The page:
Saturday, March 27, 2004


ConnectMe Life Support Board

An open-source schematic for a minimal ConnectMe life support board is posted on my website:

Scroll to the bottom.

Larry Martin
Copyright (c) 2004 Larry Martin. All Rights reserved.

Monday, March 01, 2004


First Encounter

My First Encounter with the Digi ConnectMe came in Feb2004 when my employer found a customer who refused to consider our equipment unless it had an Ethernet jack. Bit of background: the last five years of my life have been spent with an RF startup. We got the baseband interfaces defined and implemented early on, giving our early customers something stable to work with. Then we concentrated on the RF for a few years. The problem was, the baseband world changed on us. In 1999, "internet devices" were hokey dialup things like the ATM at your local squishy-mart. At that time, it was still reasonable to field a device with an RS232 interface. Even in multidrop networks, it was easier at that time to get electricians to pull RS485 than Ethernet. No more. Now that 10BaseT and 100BaseT and God-knows-whats-next has taken over, you can't compete unless you have Ethernet too.

So we got Ethernet. It took around two weeks.

We had already noticed the ConnectMe, and were waiting for an excuse to use it in something (there was one other small Ethernet-to-serial filter device available at the time, but it was based on the 80186 and had a fraction of the ConnectMe's memory).

When the customer delivered their ultimatum, there was actually plenty of time to do a deliberate development. But by the time management took the ultimatum seriously (i.e. it became a crisis) we were around 3 weeks away from a make-or-break demo. As it turned out, we were able to put together a couple of prototypes with days to spare.

Since there was no longer time to respin our main circuit card with the ConnectMe on board, I designed a very simple and small circuit card that could be wedged into an underused corner of the enclosure. All it really needed was an LM-series voltage converter, the ConnectMe itself, and a place to land jumper wires. Our tech cut the square hole in the case and ran jumpers from the ConnectMe to the main board. Plug in, turn on, and fugedaboudit.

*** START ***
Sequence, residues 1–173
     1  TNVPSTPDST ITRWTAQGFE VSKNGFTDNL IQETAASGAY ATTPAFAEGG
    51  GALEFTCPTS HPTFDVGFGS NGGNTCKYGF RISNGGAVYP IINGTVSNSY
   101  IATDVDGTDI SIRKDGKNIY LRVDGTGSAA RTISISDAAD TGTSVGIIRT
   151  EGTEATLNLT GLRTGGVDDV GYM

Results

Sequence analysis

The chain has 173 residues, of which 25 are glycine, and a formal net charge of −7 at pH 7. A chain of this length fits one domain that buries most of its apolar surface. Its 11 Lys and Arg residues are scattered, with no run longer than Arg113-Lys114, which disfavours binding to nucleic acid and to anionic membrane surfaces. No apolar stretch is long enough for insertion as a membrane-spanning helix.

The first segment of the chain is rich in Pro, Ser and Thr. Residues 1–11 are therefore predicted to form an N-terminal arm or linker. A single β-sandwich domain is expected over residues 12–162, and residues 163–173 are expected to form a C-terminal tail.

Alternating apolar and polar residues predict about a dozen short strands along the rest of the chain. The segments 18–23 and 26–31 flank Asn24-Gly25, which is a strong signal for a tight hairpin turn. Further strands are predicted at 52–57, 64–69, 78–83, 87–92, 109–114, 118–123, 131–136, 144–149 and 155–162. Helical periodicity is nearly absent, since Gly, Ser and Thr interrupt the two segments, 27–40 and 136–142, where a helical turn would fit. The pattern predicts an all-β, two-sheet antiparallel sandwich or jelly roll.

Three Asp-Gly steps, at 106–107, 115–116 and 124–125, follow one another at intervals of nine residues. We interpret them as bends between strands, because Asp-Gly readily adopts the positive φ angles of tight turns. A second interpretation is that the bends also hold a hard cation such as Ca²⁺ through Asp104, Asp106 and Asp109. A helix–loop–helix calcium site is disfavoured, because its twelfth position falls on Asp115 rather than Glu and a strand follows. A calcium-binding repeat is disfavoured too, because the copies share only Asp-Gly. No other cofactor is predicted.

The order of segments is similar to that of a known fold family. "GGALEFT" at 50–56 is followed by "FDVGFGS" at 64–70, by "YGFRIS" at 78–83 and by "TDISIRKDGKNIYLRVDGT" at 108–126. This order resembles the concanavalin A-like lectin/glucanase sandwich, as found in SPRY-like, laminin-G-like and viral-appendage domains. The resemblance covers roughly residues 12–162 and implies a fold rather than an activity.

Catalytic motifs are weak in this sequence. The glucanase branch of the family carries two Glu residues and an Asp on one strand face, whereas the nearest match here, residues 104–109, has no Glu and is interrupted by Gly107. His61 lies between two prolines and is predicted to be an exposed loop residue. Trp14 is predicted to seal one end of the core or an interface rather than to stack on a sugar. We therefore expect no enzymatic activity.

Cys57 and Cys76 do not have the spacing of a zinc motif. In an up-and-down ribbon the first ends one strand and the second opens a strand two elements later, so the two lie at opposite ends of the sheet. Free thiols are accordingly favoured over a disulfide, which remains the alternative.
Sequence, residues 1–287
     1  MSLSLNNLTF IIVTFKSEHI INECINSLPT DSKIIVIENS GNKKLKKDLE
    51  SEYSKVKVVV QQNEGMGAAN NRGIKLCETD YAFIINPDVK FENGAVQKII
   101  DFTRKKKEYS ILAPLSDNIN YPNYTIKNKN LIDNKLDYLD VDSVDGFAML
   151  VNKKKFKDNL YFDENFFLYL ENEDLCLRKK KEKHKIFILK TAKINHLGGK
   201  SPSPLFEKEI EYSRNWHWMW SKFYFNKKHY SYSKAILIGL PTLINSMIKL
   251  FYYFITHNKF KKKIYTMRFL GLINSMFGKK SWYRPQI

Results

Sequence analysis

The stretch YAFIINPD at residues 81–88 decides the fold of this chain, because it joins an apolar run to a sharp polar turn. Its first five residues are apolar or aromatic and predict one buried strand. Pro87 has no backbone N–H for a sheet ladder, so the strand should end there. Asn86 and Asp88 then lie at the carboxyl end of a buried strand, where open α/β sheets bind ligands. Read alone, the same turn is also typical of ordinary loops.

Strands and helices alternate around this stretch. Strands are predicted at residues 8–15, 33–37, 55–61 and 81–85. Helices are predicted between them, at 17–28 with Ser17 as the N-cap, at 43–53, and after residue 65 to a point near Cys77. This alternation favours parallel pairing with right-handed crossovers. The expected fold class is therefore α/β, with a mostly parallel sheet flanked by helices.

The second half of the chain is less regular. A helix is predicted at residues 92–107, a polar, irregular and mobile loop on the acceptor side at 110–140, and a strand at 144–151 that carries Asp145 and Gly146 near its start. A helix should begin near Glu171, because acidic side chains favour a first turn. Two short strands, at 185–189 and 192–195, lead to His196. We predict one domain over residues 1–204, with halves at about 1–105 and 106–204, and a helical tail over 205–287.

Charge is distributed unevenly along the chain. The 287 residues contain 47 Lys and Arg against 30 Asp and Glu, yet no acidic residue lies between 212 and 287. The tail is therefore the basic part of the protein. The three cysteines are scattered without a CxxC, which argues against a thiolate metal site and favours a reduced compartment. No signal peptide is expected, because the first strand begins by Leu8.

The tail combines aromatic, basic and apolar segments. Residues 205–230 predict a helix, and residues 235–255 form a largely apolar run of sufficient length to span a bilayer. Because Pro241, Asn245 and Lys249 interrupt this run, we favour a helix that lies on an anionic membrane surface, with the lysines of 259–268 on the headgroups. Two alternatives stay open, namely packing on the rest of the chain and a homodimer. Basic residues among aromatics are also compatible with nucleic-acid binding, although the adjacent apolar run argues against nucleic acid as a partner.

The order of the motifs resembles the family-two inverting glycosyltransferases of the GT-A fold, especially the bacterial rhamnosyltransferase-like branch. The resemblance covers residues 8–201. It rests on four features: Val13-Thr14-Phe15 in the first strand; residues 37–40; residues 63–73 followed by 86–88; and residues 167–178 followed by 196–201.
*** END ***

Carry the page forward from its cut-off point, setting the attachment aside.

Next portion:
But even at that there were some problems.

Our first ConnectMe that was actually soldered into a circuit communicated very intermittently. It sometimes took minutes to boot up, sometimes never booted up at all. Its brother, on the JTAG development board, never had a bit of trouble.

The problem turned out to be my reset circuit. I had put a couple of bells on the interface board, like 3.3 to 5 volt translation and a nice RC reset circuit. Turned out, the ConnectMe has an internal RC network on the Reset pin. They expected people to implement Reset with a simple switch to ground, no debounce, etc., but as far as I can tell, that fact is undocumented in the Hardware Reference. In any case, when we removed my RC network, we fixed the problem. The Ethernet prototypes shipped and the customer checked off the Ethernet square on their acceptance test.

Two weeks calendar time, probably a man-month spread between me, another software guy and two techs, plus the cost of creating the interface board. One guy on the team said he told a friend what we'd pulled off. The friend, probably a big-company expert on these matters, said "That's impossible." Sorry.

Larry Martin
Copyright (c) 2004 Larry Martin. All Rights reserved.

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